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Ahead of Wisconsin visit, Neil deGrasse Tyson returns to critiquing science in movies

Tyson presents 'An Astrophysicist Goes to the Movies, the Sequel' at Milwaukee’s Pabst Theater on Feb. 24

Astrophysicist Neil deGrasse Tyson
Astrophysicist Neil deGrasse Tyson. Photo by Charles Sykes/Invision/AP, File

Asked if scientifically baseless plots prevent him from enjoying a lot of movies, famed astrophysicist Neil deGrasse Tyson replied, “No.”

“I just observe it. I don’t invest emotion in it,” said Tyson, who directs New York City’s Hayden Planetarium and has popularized science through many books, lectures and media appearances.

Tyson is scheduled to visit Milwaukee on Friday to present a lecture titled “An Astrophysicist Goes to the Movies, the Sequel.” Ahead of the event, Tyson appeared on Wisconsin Public Radio’s “The Morning Show” to discuss his critique of films and the possibility of life on another planet.

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“I am pointing out all sorts of science flaws. By the way, I also point out where they got science right,” Tyson said.

The following was lightly edited for brevity and clarity.

Kate Archer Kent: Screenwriters and directors bend the truth a bit on the science in order to make their stories work. Shouldn’t they be allowed some latitude?

Neil deGrasse Tyson: Oh, of course. My motto, my operational intent, flows from a quote from Mark Twain. He said, “First, get your facts straight. Then distort them at your leisure.”

Don’t ignore science that could have told a better story just because you didn’t know the science. Bring a scientist on to offer comments and ask, “Was that what would happen to you as you get near a black hole?” That’s way better than anything the screenwriter is going to imagine is going to happen to you. … If you put a science bit in a storyline that is just flat out wrong, and you think you’re telling a better story, you’re not. And I would call you out on that.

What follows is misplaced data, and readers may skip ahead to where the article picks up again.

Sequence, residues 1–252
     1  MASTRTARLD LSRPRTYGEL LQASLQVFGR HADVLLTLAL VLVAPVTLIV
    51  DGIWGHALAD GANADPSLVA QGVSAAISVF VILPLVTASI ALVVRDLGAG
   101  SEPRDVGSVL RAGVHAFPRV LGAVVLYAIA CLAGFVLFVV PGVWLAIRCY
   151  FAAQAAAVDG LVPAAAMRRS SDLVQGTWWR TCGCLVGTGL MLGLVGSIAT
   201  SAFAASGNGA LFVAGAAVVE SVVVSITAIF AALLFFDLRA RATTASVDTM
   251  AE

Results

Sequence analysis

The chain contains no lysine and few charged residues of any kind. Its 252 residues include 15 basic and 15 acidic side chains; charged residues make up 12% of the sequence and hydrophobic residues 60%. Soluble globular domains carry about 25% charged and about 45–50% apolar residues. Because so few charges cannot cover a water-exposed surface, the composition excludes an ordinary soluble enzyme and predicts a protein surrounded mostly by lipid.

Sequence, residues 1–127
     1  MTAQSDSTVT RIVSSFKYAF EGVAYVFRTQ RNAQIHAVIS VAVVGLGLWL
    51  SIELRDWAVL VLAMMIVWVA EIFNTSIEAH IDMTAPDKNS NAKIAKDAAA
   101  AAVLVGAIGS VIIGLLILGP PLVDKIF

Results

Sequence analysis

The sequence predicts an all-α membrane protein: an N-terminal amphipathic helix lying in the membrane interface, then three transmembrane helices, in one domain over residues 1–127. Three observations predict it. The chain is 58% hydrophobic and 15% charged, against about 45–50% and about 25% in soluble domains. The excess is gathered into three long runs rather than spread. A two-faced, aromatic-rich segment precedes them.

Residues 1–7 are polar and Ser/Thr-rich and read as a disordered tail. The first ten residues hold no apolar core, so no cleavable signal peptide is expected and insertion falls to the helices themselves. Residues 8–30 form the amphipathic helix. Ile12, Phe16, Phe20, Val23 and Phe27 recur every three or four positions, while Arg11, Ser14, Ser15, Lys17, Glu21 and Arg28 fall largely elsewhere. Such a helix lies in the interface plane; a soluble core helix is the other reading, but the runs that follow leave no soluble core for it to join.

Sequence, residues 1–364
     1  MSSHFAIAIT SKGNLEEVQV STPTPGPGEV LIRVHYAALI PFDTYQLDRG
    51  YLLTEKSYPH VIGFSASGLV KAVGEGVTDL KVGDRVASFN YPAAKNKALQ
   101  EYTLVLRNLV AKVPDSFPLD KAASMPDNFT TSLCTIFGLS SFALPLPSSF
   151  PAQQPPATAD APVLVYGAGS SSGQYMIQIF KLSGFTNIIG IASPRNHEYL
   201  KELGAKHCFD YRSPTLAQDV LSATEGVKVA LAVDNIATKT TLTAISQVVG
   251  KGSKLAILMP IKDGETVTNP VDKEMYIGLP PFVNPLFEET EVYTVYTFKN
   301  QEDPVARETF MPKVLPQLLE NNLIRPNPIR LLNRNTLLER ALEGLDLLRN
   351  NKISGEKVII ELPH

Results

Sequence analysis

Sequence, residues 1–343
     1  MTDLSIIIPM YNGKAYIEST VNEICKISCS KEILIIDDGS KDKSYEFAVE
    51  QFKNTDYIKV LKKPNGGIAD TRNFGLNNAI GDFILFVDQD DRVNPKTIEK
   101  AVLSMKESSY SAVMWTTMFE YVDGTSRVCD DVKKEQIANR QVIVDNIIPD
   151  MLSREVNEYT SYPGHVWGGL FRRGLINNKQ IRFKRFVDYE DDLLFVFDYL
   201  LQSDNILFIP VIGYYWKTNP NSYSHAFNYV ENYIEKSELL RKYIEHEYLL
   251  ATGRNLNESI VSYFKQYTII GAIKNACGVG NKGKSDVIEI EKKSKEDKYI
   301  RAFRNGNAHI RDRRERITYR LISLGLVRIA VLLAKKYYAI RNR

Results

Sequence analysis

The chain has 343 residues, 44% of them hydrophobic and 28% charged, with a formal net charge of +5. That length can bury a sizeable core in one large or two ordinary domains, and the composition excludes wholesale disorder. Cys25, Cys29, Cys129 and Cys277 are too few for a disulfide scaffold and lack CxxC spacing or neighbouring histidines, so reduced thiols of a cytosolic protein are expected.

KAK: You’ve said the 1999 film “The Matrix” and the 1997 film “Contact” are two of your favorite science fiction films. What sets these two apart?

NDT: “Contact” had just very good, authentic science in it. It’s based on a novel by Carl Sagan, so it’s got very good starting points. What I especially liked about “Contact” was how the public was authentically represented in how they might react to information that we made actual contact with intelligent aliens on another planet. These are not antennae aliens walking around Earth. No, this was like being contacted through telescopes, and they sent us information on how to build a ship to go visit them. It’s very deeply thought out. I give it very high marks.

“The Matrix” is just my favorite movie, that’s all. It’s pure “whoa.”

By the way, there’s one flaw in “The Matrix,” but I’m going to give it a hall pass because there isn’t a movie without that one flaw. (In the movie), the machines are harvesting people to draw energy from our bodies, because we generate about 100 watts of power just being alive. … Here’s the problem. Whatever energy source you’re giving to the humans, just use that energy source. You’re not going to get more energy out of the humans that you’re putting into them, because that’s not how thermodynamics works. So that’s just a flaw. But there wouldn’t be a movie without it.